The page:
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Democracy and the Death of Knowledge

dc.contributor.authorSherry, Suzanna
dc.identifier.citation75 U. Cin. L. Rev. 1053 (2007)en_US
dc.descriptionarticle published in law reviewen_US
dc.description.abstractThis essay was presented as the 2006 William Howard Taft lecture at the University of Cincinnati College of Law. It suggests that the conflation of politics and law - the view that judges are not legal experts but rather legislators in robes - is part of a deeper and more worrisome trend. We do not see judges as legal experts because we no longer believe in expertise. We have, in other words, begun to conflate politics and knowledge. We are moving toward a world in which the creation of knowledge is not the province of experts, but is instead produced by popular vote. This essay explores and critiques that trend.en_US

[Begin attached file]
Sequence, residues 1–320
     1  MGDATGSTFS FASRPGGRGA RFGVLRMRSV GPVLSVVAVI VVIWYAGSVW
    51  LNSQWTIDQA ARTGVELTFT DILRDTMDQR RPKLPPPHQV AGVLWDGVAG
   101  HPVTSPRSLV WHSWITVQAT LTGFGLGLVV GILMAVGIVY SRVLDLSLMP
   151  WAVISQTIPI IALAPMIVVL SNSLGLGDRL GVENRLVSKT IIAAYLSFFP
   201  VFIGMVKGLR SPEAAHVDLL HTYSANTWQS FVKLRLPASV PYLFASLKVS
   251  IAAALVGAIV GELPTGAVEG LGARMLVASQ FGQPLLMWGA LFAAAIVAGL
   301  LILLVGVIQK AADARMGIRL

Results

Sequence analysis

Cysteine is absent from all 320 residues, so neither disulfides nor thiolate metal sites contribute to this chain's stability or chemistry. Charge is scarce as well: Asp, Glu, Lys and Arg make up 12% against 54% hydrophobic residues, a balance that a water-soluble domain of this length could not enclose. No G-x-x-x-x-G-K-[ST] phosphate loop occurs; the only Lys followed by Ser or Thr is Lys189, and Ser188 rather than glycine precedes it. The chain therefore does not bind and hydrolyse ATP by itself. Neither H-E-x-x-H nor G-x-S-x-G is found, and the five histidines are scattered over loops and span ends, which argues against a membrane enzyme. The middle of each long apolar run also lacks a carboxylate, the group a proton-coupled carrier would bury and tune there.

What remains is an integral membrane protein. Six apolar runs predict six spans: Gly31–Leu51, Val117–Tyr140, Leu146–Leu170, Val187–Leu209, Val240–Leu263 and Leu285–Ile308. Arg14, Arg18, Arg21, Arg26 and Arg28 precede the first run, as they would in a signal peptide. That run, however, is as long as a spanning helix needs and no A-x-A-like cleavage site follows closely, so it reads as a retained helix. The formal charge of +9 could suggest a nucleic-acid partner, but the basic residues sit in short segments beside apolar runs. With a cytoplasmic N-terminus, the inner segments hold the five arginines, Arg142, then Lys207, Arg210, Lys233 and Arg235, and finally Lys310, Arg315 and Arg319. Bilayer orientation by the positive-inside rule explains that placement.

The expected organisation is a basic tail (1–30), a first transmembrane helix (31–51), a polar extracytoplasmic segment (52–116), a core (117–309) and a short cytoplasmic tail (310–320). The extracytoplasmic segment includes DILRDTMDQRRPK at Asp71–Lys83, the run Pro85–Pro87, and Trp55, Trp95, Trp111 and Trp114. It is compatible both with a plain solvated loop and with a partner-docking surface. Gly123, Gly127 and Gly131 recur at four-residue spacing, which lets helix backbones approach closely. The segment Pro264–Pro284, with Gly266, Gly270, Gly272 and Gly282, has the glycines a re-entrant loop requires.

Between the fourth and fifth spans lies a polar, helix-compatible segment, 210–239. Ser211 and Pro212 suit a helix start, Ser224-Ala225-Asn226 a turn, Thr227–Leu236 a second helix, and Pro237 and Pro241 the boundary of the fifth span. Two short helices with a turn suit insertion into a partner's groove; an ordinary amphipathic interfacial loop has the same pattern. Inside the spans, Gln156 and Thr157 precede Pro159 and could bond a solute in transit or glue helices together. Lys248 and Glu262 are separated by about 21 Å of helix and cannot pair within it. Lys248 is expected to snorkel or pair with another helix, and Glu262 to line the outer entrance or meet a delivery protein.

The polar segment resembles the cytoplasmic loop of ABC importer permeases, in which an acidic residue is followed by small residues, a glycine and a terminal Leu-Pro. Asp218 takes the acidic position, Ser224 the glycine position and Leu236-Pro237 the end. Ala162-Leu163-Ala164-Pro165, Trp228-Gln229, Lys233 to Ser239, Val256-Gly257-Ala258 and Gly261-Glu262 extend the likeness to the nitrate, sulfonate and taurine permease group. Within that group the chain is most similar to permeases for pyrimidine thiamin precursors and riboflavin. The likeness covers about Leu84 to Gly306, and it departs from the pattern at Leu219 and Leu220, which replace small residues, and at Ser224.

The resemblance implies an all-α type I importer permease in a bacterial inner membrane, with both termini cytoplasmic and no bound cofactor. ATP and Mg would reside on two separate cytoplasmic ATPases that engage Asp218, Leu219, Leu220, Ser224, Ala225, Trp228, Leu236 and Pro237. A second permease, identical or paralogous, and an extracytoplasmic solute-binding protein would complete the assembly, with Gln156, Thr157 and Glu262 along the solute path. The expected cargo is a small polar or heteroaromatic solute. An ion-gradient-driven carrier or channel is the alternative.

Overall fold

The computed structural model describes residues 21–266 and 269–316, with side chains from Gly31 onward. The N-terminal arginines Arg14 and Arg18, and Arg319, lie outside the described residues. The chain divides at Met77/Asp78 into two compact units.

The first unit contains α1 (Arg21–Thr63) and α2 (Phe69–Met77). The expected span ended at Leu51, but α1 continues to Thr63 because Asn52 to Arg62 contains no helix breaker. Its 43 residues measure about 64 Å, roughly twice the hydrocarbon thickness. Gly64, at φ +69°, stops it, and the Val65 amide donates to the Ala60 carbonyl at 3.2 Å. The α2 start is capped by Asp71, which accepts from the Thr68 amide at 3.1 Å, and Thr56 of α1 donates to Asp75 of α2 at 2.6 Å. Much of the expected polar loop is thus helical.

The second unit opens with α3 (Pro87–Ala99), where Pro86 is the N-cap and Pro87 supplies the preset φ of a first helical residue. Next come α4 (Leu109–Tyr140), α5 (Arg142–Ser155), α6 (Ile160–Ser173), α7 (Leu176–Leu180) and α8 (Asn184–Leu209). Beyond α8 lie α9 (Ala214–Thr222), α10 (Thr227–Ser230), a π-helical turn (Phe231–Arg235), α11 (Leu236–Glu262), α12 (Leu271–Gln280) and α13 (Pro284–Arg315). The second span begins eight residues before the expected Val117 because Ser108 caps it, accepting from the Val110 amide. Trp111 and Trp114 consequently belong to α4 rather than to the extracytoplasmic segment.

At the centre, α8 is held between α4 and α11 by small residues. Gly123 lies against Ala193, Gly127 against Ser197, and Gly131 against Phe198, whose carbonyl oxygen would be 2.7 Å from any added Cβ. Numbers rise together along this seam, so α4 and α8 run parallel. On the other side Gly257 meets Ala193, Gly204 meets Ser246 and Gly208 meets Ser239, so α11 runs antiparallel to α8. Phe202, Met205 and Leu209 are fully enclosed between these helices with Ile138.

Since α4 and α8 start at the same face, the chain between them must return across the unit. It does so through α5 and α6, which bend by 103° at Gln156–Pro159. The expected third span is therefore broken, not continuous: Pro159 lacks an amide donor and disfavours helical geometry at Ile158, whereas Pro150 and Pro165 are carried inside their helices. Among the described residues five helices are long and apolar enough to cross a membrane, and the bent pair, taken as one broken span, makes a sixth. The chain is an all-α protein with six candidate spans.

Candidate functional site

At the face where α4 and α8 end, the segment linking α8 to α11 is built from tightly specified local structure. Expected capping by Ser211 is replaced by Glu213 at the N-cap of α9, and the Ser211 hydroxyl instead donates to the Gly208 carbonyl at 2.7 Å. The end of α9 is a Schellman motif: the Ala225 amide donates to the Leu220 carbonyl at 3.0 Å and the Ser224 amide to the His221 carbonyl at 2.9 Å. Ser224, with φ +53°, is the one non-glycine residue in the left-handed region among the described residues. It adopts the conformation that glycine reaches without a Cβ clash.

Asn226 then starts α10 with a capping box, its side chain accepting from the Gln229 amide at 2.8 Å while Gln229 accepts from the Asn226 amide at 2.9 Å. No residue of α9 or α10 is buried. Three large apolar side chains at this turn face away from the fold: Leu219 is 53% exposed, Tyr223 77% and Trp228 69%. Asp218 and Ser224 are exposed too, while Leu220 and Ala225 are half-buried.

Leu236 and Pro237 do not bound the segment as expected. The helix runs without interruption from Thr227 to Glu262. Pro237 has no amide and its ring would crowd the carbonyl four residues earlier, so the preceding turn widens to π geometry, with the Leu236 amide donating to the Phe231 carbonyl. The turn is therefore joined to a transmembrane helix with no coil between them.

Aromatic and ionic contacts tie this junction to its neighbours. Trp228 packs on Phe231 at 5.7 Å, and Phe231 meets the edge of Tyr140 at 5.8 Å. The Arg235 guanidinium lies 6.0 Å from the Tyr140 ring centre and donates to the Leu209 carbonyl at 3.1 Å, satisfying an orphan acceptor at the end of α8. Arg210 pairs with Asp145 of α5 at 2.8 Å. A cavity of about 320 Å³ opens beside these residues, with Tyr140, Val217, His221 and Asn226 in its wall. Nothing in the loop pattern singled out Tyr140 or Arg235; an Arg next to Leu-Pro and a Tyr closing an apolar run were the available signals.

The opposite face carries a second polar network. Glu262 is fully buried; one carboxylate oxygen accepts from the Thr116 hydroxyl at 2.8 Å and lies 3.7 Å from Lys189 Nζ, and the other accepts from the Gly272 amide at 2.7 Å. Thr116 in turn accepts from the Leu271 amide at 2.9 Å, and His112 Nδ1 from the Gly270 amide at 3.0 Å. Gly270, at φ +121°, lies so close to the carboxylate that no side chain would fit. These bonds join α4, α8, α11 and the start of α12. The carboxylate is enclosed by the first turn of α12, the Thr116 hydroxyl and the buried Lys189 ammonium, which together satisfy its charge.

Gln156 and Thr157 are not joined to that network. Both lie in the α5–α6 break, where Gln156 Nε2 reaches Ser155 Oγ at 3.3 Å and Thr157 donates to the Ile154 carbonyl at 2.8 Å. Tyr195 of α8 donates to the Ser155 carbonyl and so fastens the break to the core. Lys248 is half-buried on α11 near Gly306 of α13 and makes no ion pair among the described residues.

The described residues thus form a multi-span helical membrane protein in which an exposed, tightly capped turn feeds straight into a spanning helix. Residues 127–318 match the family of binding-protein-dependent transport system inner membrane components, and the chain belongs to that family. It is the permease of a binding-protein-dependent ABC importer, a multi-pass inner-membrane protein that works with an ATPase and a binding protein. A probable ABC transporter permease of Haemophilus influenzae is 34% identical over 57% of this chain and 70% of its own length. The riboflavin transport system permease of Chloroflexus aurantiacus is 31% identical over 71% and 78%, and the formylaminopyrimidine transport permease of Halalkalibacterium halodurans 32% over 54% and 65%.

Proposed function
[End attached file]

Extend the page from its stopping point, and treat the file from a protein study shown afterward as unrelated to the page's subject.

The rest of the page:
dc.format.extent1 PDF (19 pages)en_US
dc.publisherUniversity of Cincinnati Law Reviewen_US
dc.subject.lcshLaw -- Political aspectsen_US
dc.subject.lcshPolitical questions and judicial power --United Statesen_US
dc.subject.lcshKnowledge, Theory of -- Political aspectsen_US
dc.titleDemocracy and the Death of Knowledgeen_US

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